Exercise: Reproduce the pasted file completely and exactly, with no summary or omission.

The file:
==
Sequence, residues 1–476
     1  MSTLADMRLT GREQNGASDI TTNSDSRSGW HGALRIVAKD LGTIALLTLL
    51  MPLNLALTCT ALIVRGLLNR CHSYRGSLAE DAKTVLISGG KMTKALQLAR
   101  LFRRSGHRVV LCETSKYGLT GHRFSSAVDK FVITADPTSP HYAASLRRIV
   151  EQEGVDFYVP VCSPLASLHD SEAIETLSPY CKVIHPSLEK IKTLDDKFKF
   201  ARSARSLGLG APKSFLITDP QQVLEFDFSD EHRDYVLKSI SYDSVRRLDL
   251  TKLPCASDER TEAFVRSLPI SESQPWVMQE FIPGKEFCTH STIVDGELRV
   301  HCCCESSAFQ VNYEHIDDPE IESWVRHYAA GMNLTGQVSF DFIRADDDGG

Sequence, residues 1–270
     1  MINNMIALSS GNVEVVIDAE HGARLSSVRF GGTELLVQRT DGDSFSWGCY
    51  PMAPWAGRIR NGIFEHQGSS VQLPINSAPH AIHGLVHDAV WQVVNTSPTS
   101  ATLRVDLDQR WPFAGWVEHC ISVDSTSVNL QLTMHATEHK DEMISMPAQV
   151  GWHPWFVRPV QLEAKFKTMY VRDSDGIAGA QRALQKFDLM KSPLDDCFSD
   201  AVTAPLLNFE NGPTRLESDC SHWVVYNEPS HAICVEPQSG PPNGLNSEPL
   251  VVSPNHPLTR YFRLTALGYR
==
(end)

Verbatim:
Sequence, residues 1–476
     1  MSTLADMRLT GREQNGASDI TTNSDSRSGW HGALRIVAKD LGTIALLTLL
    51  MPLNLALTCT ALIVRGLLNR CHSYRGSLAE DAKTVLISGG KMTKALQLAR
   101  LFRRSGHRVV LCETSKYGLT GHRFSSAVDK FVITADPTSP HYAASLRRIV
   151  EQEGVDFYVP VCSPLASLHD SEAIETLSPY CKVIHPSLEK IKTLDDKFKF
   201  ARSARSLGLG APKSFLITDP QQVLEFDFSD EHRDYVLKSI SYDSVRRLDL
   251  TKLPCASDER TEAFVRSLPI SESQPWVMQE FIPGKEFCTH STIVDGELRV
   301  HCCCESSAFQ VNYEHIDDPE IESWVRHYAA GMNLTGQVSF DFIRADDDGG

Sequence, residues 1–270
     1  MINNMIALSS GNVEVVIDAE HGARLSSVRF GGTELLVQRT DGDSFSWGCY
    51  PMAPWAGRIR NGIFEHQGSS VQLPINSAPH AIHGLVHDAV WQVVNTSPTS
   101  ATLRVDLDQR WPFAGWVEHC ISVDSTSVNL QLTMHATEHK DEMISMPAQV
   151  GWHPWFVRPV QLEAKFKTMY VRDSDGIAGA QRALQKFDLM KSPLDDCFSD
   201  AVTAPLLNFE NGPTRLESDC SHWVVYNEPS HAICVEPQSG PPNGLNSEPL
   251  VVSPNHPLTR YFRLTALGYR